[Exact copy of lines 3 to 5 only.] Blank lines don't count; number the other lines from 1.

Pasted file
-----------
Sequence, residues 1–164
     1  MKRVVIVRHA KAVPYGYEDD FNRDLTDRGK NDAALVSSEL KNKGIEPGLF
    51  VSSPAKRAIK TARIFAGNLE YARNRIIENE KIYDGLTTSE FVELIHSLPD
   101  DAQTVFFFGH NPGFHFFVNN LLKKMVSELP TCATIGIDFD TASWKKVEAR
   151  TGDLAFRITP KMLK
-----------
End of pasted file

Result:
    51  VSSPAKRAIK TARIFAGNLE YARNRIIENE KIYDGLTTSE FVELIHSLPD
   101  DAQTVFFFGH NPGFHFFVNN LLKKMVSELP TCATIGIDFD TASWKKVEAR
   151  TGDLAFRITP KMLK